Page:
1. Daimbert says:

        I’m afraid I don’t see how it benefit the consumer, unless there’s no initial charge — which is not the case for WoW — and the monthly fee is lower than what it currently costs to buy a game. But I don’t see that happening any time soon.

  9. krellen says:

    Games have always been a product. Even in the days of the arcades. Arcades are like a taxi service; for a fee, you can secure the temporary use of a product – the taxi cab itself. But the taxi is still a product, and if you have the right money and right sources, you could buy one for yourself.

    The same is true of arcade games. Arcades buy the games as products, and then, as a service, allow you to pay for the right to use them for a while. But the games have always existed as products; the only difference is the number of middle-men we go through to get at the product these days.

    1. Roy says:

      Well, sure, there were always games available as products, but the question is “in what capacity are most users using them?” The Taxi service example is fitting–the taxi, as object, is a product. But, when you get in the cab and pay someone to take you to the airport, you’re not buying a product, you’re paying for a service. You’re paying someone to take you someplace–that’s a service. When you drop quarters in an arcade, you’re not paying for a product, you’re paying for a service.

      There’s a huge difference in the nature of a service relationship versus when you pay for a product. If I buy a car, I can do what I want to it. I can paint it, kick in the door, break a window. If I’m paying for service, I have no rights or claims on the physical product. The cabbie is being paid to take me from A to B, but I don’t get to damage the car. Likewise, if I drop quarters in a machine, I only have rights to play the game, not to kick the machine, open it up and tweak the settings, etc. If I buy the game, it’s mine, and I can do what I want to it.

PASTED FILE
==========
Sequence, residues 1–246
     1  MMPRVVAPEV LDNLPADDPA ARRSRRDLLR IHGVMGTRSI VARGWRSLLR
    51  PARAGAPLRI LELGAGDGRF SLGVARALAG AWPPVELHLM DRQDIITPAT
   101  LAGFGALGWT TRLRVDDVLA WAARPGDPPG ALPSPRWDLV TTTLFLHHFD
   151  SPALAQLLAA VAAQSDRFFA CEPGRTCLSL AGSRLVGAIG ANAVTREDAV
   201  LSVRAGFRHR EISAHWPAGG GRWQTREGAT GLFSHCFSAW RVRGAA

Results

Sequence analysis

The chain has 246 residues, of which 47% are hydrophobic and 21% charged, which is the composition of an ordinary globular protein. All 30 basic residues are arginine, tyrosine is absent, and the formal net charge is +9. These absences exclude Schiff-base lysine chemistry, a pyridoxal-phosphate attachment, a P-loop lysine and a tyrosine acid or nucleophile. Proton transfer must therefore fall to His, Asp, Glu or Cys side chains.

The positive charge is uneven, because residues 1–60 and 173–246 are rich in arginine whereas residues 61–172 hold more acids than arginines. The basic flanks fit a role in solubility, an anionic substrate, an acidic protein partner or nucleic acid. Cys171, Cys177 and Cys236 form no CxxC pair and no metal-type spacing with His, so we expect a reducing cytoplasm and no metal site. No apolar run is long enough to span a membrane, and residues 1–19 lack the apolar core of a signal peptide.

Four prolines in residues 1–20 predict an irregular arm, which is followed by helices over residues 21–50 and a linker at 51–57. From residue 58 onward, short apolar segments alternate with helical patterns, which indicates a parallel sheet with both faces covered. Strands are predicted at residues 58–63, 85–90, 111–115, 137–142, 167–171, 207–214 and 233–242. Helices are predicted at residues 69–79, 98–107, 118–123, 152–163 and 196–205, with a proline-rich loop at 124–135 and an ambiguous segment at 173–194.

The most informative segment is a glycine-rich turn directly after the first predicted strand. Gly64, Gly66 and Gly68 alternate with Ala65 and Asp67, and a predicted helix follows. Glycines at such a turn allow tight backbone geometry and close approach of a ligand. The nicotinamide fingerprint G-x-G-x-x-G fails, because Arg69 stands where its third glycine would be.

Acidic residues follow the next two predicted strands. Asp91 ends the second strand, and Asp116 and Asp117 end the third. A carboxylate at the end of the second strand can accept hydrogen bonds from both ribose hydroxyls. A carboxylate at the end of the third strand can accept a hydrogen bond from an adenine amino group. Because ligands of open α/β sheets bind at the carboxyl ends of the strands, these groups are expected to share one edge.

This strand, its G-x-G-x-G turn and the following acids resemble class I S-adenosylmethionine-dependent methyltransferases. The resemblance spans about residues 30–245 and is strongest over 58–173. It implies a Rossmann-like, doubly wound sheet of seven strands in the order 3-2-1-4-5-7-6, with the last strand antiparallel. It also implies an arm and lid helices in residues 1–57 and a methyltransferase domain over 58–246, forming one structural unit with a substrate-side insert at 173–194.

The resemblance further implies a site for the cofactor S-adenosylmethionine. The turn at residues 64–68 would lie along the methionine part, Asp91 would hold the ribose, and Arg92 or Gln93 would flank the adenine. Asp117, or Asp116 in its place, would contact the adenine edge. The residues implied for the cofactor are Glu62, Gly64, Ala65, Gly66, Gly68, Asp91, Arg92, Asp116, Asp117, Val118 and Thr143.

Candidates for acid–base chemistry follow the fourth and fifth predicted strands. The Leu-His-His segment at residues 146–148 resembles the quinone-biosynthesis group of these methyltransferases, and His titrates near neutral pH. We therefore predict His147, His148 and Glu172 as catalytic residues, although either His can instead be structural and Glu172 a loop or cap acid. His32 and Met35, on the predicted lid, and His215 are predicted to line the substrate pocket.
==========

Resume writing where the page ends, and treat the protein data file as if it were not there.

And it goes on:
1. krellen says:

        Including charging others to play it.

        1. krellen says:

          To clarify: game companies did not own and run arcades, or the games in the arcades. The arcade owners owned the machines and ran the arcades. Once the machine had been sold, the game company was done making their money and what was left was for the arcade owners to try to make back their investment through their arcade service.

          As far as the game companies themselves are concerned, games were always products; this “games as a service” model is not a return to an older time, but a brand new scheme.

  10. (LK) says:

    Valve approaches “games as a service” as a service. EA approaches it like a protection racket. That’s just how Riccitiello thinks.

    He can’t wrap his head around a mutually beneficial system between customer and business. His mind seems to force him to think of it as an adversarial relationship where the entire point and the only possible recourse is constantly thinking of new ways to place higher prices on transactions of lesser value.

    He’s a CEO who can’t stop thinking like a used car salesman. The point is to deceive the customer into an overvalued sale. That’s the one and only objective to focus on.

    But when a CEO thinks this way it devalues their brand and negatively impacts the practices of their trade.

    The man is sort of a weasel, honestly.

  11. Raygereio says: